REVIEW: ‘Driven’ Starring Richard Speight, Jr. Premieres at Oxford Film Festival

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Image courtesy of ‘Driven’ official Facebook page.

Since the announcement of the Kickstarter campaign for the movie Driven, fans of actor Richard Speight, Jr. have been eagerly anticipating the movie’s release. The film’s director, Glenn Payne, and writer/co-star, Casey Dillard, have engaged fans through every step of the movie’s progress via their social media accounts. From the moment filming began in Tupelo, MS, in January 2018 to the film’s world premiere Saturday night in Oxford, MS, Payne and Dillard have made sure that Driven‘s fan base was along for the ride.

Being a resident of Tupelo for 14 years now, and being what you might call somewhat of a big Speight fan, I was beyond excited to know that Driven would be filming in my town. I was a little less excited when Speight brought a rare winter storm along with him during filming, but excited nonetheless. (Payne and Dillard remarked on the cold spell during the Q&A that followed the film, saying that they would never look at being cold the same again.)

I knew I wanted to see the movie as soon as it was released. I also knew that Payne and Dillard had previously shown work at the Oxford Film Festival in Oxford, MS, a college town less than an hour away. I began regularly checking the festival’s website in hopes that Driven would be shown. And as luck would have it, Driven was chosen for the 2019 Oxford Film Festival, and I bought my ticket!

Lineup of films for the 2019 Oxford Film Festival. Image courtesy of staff writer Em.

I arrived at the Malco Cinema theater in Oxford, the location of the Festival, and headed straight to the information booth where I was instructed on where I needed to go and when. I had some spare time, so the ladies at the desk told me I should look around or grab some food. I decided to head to the merchandise table where I bought myself a pair of official Oxford Film Festival socks. (One can never have too many socks.) And then I headed to the concession stand to buy some food while I waited.

After a while longer, I saw Payne speaking to several people and walked up and introduced myself. He immediately began looking for Dillard and took me over to introduce me to her. Both were as personable and friendly as their online personas. After speaking with them for a moment, I left them in my normal awkward fashion and went to get in line for the movie.

Then, it was movie time! First, attendees were treated to a short film called Jesus & Jimmy Ray. The synopsis of the film was described on the Festival’s website as follows:

In this Southern Gothic dark comedy, Dinah, a young Mississippi kindergarten teacher, holds her abusive stepfather hostage with the intent to kill him – but only after he accepts Jesus Christ as his Lord and Savior.

When I first read that, I was a bit wary of this film. But my fears were completely unfounded. As outlandish as the premise sounds, the short was one of the funniest things I have ever watched. And the twist at the end was a very nice and unexpected touch.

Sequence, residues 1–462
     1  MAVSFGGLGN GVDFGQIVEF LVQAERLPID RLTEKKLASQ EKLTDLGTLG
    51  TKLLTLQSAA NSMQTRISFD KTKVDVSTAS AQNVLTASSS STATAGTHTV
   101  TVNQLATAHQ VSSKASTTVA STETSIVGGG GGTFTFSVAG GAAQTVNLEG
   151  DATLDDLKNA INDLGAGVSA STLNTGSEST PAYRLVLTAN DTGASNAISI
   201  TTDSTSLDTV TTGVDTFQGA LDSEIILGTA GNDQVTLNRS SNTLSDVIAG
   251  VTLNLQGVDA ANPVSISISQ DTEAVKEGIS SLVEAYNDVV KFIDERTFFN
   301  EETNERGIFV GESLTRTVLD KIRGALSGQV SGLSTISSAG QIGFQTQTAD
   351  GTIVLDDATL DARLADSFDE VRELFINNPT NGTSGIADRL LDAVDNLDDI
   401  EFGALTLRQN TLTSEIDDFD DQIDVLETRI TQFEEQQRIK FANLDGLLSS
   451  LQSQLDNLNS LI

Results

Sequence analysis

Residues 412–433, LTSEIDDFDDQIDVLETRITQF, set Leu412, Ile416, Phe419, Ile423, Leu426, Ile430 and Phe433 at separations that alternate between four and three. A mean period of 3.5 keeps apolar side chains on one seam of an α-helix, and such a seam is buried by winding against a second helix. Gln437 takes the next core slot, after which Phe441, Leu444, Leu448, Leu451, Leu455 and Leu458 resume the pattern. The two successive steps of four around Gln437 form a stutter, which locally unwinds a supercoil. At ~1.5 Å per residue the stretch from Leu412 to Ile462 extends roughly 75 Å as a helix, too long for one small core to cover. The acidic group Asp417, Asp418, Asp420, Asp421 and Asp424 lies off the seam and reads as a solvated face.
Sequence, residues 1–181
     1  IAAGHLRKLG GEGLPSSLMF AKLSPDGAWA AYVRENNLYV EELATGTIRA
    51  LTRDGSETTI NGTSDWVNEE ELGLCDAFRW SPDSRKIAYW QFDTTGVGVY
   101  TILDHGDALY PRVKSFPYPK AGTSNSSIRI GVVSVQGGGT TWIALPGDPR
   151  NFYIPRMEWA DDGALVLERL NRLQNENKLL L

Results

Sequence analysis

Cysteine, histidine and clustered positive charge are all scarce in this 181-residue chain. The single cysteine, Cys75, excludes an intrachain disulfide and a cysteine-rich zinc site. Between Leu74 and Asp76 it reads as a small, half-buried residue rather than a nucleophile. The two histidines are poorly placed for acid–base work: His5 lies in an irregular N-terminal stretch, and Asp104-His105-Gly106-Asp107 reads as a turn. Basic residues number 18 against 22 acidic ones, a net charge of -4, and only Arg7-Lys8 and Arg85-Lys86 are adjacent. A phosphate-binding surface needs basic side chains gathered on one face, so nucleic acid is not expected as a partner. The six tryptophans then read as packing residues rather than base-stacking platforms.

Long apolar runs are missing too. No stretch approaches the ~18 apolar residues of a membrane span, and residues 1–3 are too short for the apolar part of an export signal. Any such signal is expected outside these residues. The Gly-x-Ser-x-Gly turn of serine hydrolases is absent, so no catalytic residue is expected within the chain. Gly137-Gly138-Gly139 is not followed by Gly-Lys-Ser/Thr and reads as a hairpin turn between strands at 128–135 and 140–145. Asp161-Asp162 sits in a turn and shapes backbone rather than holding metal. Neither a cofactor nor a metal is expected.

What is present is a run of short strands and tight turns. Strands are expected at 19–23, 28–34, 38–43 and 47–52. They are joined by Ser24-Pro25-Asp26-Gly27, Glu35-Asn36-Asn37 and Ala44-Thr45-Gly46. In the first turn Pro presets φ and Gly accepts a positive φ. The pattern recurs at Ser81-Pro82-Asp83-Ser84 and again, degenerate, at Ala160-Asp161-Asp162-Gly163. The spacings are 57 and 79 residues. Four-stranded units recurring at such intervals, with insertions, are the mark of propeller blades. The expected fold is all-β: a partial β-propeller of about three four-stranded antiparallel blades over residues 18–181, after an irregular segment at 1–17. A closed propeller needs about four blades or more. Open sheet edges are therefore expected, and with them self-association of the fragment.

Image taken at Oxford Film Festival, courtesy of staff writer Em.

Finally, it was time for Driven, which Dillard described as “Hocus Pocus meets Collateral meets Fallen.” Speight introduced the film via a video clip, speaking of how special the Oxford Film Festival was to him (his own short America 101 premiered there) and his relationship with Payne and Dillard. describes lists Driven‘s synopsis as:

Emerson Graham’s nights as a cab driver are filled with annoyances and inconveniences, but until tonight, never attacks and disappearances. After picking up a mysterious passenger, her evening goes from working a job to performing a quest as they must race against the clock to defeat a force of evil. The meter is running.

Dillard plays Emerson, a woman who spends her nights working as a driver for a rideshare company. On a seemingly uneventful night, Emerson picks up Roger (played by Speight) and is soon wrapped up in the middle of his family business. Being part comedy, there are several gags that had the audience in stitches. Perhaps the funniest was a continued gag involving aromatherapy and Roger’s aversion to it. Oh, and yes — we do finally find out what #turdspoonforever means for anyone who follows along with the movie’s Twitter account.

There were a few jumps, although not so much in the super scary sense as it was simply unexpected. Dillard shines as Emerson, and she and Speight played brilliantly off of each other. “Roger” may be my personal favorite role that Speight has ever played. His acting, Dillard’s writing, and Payne’s directing combined to create just the right balance for the film.

Image courtesy of ‘Driven’ official Facebook page.

The film was followed by a short Q&A, where the film’s crew discussed the origin of the film, the hardships of filming in a car, and the freezing cold weather during shooting. Before the Q&A ended, one audience member shared that the film did not seem like an amateur project, and she was right. It was incredible.

Are you excited to see Driven? Let us know in the comments!



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By Em
Em joined the Nerds and Beyond staff in 2018, excited to combine her two great loves of fangirling and writing. Her favorite things include Louden Swain, Kings of Con, Band of Brothers, Marvel, and DC. In her spare time she can usually be found watching her favorite classic films or writing poetry about her favorite band, Louden Swain. Find her on Twitter at @invisible_heir.
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